This one can be hard or easy depending on your finger type. It’s already tough to shove three fingers into the space to make the A major chord, so adding an index barre in really makes it tough. However if you learn to bend the ring finger right, you can use the top joint to fret all three strings. The A minor chord is a lot easier to move around the fretboard as you have more space.

Open G

This is another finger stretcher, but it can be used with just the bass strings rather easily. If you are looking for a nice bass line try moving the lower G position around and looking for progressions that sound nice.

Open E

Except for the F major by the nut, the E major chord is the easiest to move about. E minor is also easy, making this position a great way to barre chords that are switching between majors and minors.

Open D

This position is a good example of multiple fingers barring strings. The index can be across the whole fret while the ring can cross the three bottom treble strings and the pinky stretching for the final D position. This chord can also be partially barred on just the four bottom strings.

Try playing an open chord progression of G-C-D-G, now use the barre chords of 355433 (G) to 335553 (C) and jump to 557775 (D) for a higher feel and slightly different vibe.

Experiment with different chord progressions but try them at different positions or inversions. A guitar chord chart can help you grasp the concept.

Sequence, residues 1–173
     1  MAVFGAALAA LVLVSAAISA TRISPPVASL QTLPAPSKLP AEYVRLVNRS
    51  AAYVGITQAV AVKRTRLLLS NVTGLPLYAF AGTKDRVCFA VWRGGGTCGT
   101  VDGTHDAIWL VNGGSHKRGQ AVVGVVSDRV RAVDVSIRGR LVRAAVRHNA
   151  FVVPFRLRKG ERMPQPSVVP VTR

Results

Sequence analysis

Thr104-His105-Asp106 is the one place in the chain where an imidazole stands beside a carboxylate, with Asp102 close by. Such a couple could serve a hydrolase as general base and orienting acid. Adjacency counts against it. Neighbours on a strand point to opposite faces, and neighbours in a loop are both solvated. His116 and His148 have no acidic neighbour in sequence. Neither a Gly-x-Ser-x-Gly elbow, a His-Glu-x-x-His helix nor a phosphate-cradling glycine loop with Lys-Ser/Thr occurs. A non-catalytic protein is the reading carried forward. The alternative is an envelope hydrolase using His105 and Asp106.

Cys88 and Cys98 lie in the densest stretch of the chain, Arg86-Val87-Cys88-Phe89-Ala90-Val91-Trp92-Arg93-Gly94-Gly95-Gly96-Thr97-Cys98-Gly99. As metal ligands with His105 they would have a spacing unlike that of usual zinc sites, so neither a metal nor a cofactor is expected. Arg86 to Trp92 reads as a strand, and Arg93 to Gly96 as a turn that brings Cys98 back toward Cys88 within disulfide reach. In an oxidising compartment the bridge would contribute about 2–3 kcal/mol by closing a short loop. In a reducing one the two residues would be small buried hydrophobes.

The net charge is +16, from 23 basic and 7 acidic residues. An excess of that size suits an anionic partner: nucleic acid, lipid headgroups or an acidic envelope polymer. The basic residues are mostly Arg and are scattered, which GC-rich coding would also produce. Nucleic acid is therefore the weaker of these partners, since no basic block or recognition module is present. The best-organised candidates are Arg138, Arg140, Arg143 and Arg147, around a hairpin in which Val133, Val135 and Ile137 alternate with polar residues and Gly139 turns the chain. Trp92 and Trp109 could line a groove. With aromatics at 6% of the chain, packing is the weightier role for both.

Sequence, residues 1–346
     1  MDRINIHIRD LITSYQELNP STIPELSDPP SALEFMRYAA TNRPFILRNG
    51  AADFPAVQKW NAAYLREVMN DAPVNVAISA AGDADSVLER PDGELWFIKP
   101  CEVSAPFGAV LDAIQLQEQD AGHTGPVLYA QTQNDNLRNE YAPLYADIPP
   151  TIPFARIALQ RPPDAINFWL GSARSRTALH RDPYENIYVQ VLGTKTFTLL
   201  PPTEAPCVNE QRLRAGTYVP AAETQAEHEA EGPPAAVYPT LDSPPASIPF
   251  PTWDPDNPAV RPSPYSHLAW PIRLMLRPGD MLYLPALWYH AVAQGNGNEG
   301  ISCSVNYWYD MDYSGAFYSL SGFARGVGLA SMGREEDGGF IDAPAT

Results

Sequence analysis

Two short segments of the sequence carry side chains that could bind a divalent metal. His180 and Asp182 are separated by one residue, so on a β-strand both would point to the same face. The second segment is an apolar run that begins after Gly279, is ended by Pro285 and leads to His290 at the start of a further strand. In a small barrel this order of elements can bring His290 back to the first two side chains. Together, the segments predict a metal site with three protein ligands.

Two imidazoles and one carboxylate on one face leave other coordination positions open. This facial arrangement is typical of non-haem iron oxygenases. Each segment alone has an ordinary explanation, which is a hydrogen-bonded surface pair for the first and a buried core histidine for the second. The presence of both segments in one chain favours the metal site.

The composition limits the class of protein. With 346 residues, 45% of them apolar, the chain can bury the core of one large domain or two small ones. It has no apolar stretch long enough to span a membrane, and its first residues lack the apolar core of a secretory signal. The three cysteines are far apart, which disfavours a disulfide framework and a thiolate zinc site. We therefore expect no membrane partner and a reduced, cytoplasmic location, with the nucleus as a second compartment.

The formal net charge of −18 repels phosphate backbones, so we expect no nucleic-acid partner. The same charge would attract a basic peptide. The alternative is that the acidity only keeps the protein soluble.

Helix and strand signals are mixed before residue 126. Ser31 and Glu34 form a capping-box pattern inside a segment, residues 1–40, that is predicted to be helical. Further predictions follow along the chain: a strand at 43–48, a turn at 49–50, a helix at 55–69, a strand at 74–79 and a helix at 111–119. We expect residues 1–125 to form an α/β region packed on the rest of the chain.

Make sure to do more than just strum these new barre chords, whether they are played as an arpeggio or plucked fast can make all the difference in the genre and style they belong in.

Other Barre Chords

Almost any chord can be a barre chord, the point is that you are moving the tones up the frets to land on a new chord. An A7 chord is easier to barre than an A major or A minor. And we can of course make our barre chords more complicated. If a chord is too hard to move all the strings we just do a partial barre. An open C7 movement is too hard so we just cut out the outer two E strings and move the inside shape.

The E7#9 is associated with Hendrix and other funk acts, and it is another great example of a closed movable barre chord as the high and low E are muted. Other movable chords are the major 9 with the muted E string and the 13th which involves a long pinky jump on the high E string. If you want to play funk music you must be comfortable with playing barre chords for a long time. A studio session will leave a player with a sore hand!

Barre chords can be made anywhere on the guitar, they rise in pitch one fret or semitone at a time. Just be sure to mute any strings that do not belong in the newly formed chord. Once you have a mastery of the basic chord shapes your guitar playing will grow exponentially, even on easy guitar songs, because now you know where the chords are across the fretboard. Allowing for quick ideas of progressions, riffs, licks, and solos that are the hallmark of the best guitar players!

Shawn Leonhardt is a writer for Guitar Tricks and 30 Day Singer.